When Will and I decided we were moving to Fort Portal, we immediately started dreaming about actually having our own house. It has been almost exactly two years since we moved into our own home last- which was our small tukul in South Sudan. Since then, we have been living in the homes of generous missionary friends who are gone for a few months at a time.

In anticipation of moving, we would often dream about what we would want in our own home. We talked about outdoor living spaces and guest quarters for hosting. I dreamed about my own kitchen to cook in and a nursery for our new baby. Anytime I started to think practically about if we could actually find a home in Fort Portal that would fulfill all of these dreams, I found myself cutting off the doubts and thinking, "He will provide". I knew it wasn't worth stressing over and I also knew God saw the desired of our hearts and the longings that have long gone unfulfilled.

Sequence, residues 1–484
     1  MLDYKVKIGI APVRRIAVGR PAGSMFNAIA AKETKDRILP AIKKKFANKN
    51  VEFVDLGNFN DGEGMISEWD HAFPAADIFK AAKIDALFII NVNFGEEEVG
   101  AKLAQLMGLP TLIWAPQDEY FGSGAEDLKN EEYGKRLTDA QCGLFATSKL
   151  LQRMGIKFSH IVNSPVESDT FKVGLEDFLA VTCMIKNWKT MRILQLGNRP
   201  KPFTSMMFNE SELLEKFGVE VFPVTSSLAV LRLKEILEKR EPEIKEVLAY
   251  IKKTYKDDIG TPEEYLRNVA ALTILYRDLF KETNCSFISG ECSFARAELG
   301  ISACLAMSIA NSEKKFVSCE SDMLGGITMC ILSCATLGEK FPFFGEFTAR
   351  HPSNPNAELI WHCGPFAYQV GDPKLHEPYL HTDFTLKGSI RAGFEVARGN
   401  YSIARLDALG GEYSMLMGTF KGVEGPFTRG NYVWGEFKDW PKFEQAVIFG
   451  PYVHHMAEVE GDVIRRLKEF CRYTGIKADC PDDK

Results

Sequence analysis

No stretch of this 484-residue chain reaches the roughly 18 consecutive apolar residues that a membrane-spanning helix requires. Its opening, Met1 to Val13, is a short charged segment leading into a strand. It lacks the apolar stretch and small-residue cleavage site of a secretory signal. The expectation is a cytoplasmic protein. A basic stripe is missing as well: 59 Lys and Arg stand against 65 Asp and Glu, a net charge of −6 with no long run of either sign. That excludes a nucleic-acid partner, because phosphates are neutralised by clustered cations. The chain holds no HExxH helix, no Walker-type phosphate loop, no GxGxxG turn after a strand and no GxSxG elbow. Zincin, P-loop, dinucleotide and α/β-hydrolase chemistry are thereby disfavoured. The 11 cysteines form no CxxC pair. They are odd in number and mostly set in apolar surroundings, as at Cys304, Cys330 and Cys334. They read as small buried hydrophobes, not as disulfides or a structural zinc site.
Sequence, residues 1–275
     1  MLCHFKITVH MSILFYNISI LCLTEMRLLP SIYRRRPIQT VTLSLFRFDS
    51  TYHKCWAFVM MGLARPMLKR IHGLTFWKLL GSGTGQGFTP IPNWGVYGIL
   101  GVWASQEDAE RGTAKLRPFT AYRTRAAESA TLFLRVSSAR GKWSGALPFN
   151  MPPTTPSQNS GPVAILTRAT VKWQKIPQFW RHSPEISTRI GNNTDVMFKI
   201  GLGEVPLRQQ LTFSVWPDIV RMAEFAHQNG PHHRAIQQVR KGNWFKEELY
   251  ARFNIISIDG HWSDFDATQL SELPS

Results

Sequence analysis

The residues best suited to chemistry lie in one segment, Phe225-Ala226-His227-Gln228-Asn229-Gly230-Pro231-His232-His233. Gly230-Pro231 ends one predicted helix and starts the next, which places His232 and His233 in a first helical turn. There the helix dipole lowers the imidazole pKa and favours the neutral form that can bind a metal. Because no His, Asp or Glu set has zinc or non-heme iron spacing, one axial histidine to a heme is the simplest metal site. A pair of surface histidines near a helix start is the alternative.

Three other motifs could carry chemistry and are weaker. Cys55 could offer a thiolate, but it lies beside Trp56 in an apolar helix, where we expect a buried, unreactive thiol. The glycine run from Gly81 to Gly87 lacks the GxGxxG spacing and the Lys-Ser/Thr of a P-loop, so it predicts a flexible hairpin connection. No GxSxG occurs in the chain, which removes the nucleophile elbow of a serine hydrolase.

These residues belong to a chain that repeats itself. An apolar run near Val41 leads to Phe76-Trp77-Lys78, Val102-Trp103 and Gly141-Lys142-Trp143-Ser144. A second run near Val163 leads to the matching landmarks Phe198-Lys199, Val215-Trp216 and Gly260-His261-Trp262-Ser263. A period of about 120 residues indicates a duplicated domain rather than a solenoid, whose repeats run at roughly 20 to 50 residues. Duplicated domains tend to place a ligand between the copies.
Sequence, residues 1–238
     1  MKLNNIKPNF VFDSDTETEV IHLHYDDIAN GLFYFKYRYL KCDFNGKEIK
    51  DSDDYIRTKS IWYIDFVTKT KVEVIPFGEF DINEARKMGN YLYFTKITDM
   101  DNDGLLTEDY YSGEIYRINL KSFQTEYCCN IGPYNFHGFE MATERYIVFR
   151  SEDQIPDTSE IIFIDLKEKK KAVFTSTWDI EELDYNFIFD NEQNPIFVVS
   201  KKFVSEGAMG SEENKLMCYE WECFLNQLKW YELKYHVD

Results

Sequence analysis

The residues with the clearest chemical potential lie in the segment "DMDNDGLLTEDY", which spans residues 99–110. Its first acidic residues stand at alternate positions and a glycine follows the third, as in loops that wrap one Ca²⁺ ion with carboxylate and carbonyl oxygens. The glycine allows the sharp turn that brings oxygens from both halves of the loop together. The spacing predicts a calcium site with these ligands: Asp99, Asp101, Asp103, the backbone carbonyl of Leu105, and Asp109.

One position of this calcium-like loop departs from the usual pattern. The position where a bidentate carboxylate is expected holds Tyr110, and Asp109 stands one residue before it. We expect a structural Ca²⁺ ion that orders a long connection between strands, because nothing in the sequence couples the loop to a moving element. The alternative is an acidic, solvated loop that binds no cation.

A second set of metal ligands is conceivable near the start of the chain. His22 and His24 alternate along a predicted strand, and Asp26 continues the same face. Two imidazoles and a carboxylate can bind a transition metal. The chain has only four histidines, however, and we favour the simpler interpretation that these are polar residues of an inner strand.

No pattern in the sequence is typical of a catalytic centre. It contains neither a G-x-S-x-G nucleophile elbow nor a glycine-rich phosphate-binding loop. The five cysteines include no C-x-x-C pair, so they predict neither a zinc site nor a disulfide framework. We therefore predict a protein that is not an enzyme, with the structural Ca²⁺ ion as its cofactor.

Fast forward to this past week. We finally made it to Fort Portal, Uganda and our long-anticipated house hunting began....

and it was extremely disappointing.

We saw house and house and each one didn't even come close to being what we had hoped for. Now, let me just clarify, Will and I have lived in Africa long enough to know that "dream houses" don't exist here (that we could afford at least). We didn't go into the search with lofty goals of house features that we know don't exist here. We wanted simple things, and most of all, just wanted a place that we could make "home".  But still, everything fell way, way short of that hope.

So after seeing 7 very disappointing homes, I started to doubt. My once optimistic view of, "God will provide!" turned into, "maybe we should just pick the best of these bad options because I don't know if anything else will come up...". However, what is great about our God is that even when we doubt and start to lose hope, He can still intervene if we allow him to.